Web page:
Coffee with a side of fairness: Laurier gets fair trade designation

Wilfrid Laurier University has earned a fair trade campus designation from Fairtrade Canada. It means products like coffee and chocolate sold on campus must offer farmers and producers fair wages, but the school also has to do outreach to teach students about what fair trade means.

Fair trade products like coffee and chocolate part of accreditation process

Coffee sold on Laurier's campus is 100 per cent fair trade. The school recently received a fair trade designation by Fairtrade Canada.

Students buying the survival elixir known as coffee at Wilfrid Laurier University can do so knowing that cup of joe is supporting the farmers and producers who created it.

The school has officially been designated a fair trade campus by Fairtrade Canada.

"When we talk to the student body about sustainability issues, food consistently is top of mind," Tyler Plante, outreach and program coordinator in Laurier's Sustainability Office, told CBC News.

"It's something that is very tangible because they need to eat every day and we drink a lot of coffee and that's one of the main focus areas of fair trade. That's really why we chose [a] fair trade campus as one of the avenues we'd go down," he said.

Outreach about fair trade needed

The designation was a year in the making, Plante said. It involved creating a fair trade committee, then taking inventory of all the food sold on campus – in particular coffee, tea and chocolate. Then, they had to meet minimum requirements: that 100 per cent of coffee sold on campus is fair trade, and that each food outlet had at least three fair trade tea options, and one fair trade chocolate option.

But along with ensuring the fair trade products are available to students, the school also has to make students aware of what fair trade means.

"We can have as much fair trade products on campus as we like, but unless people know it's there and what that means, we haven't really fulfilled our commitments," he said.

"We really appreciate the fact that this program is one where students can send a message with purchasing power. They make the decisions on what they buy on campus so if they want fair trade and they understand where that money goes and what the positive impacts that come from that are, then we're doing our job."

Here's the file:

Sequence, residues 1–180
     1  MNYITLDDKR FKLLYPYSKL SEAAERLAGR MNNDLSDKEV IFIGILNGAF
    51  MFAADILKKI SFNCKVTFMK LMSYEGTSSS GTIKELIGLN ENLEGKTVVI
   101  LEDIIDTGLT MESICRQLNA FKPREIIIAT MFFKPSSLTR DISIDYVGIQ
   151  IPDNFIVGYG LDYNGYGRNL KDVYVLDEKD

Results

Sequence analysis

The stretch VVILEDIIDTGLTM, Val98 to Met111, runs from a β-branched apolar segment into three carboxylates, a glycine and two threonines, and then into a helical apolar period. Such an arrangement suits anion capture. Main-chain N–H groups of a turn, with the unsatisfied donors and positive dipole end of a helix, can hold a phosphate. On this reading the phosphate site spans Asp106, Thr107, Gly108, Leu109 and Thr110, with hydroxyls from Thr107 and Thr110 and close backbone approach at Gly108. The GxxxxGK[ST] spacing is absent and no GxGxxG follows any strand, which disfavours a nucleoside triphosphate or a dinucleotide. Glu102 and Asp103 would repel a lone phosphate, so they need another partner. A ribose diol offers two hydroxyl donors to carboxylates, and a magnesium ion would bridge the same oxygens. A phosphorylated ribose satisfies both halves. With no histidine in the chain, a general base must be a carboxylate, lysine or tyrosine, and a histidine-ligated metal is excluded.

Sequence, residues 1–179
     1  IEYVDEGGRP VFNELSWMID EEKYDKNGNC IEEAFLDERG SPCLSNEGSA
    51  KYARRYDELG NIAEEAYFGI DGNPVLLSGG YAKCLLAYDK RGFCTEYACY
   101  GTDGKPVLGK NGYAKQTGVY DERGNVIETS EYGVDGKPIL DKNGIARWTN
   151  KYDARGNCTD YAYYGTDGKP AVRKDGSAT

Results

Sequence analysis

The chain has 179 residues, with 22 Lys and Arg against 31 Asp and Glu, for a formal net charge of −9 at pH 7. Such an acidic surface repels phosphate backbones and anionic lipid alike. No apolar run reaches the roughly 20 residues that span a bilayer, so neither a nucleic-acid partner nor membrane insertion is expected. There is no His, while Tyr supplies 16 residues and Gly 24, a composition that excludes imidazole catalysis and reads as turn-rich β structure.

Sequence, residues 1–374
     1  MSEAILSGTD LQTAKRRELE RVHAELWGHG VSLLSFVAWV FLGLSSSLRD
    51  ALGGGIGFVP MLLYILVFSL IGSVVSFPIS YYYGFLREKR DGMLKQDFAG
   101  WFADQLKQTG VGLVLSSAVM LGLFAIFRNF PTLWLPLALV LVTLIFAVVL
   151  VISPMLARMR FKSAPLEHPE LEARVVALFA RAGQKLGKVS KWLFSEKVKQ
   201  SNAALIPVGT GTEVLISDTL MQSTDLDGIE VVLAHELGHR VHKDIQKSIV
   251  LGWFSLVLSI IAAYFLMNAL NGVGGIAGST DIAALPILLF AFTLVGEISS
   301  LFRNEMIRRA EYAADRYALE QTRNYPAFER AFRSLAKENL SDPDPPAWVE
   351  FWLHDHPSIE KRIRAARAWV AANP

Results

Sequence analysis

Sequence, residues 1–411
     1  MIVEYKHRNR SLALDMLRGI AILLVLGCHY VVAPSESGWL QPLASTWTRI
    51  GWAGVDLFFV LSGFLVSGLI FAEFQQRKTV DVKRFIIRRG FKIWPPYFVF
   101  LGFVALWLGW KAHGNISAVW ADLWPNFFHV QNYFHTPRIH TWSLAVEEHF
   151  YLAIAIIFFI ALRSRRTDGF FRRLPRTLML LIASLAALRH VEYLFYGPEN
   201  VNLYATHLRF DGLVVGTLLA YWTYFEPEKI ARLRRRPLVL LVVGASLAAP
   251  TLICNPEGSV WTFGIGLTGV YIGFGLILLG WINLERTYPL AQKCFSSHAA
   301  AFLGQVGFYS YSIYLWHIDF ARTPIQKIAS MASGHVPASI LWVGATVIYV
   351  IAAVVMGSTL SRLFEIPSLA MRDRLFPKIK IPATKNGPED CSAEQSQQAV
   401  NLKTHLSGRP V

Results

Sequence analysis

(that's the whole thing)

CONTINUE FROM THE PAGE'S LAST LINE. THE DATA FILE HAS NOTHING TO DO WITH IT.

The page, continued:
This sign on a thermos of Wilfrid Laurier coffee shows it is a fair trade product. (Wilfrid Laurier University)

'Just a start'

Corrie Bird, the marketing and communications manager with Aramark – the school's contracted food service provider – said students want fair trade products.

"Our students are passionate and knowledgeable about food when they arrive on our campuses," Bird said in a release. "We want to support and ignite this passion with the continued education and discussion of our fair trade practices."

Plante said there is co-operation across campus to ensure the requirements for certification are met, and they will be asking for feedback on what more they can do. That could mean anything from accessing fair trade bananas to fair trade Golden Hawks gear.

"It is just a start," he said.

To celebrate the new designation, the school is hosting an open house on Jan. 25 from 11:30 a.m. to 2:30 p.m. at BYTE 75, the coffee shop in Lazaridis Hall in Waterloo.

There are about 20 schools with the designation, Fairtrade Canada says on its website. Laurier is the second in the area to be certified - the University of Guelph and Western University in London are also a fair trade campuses.


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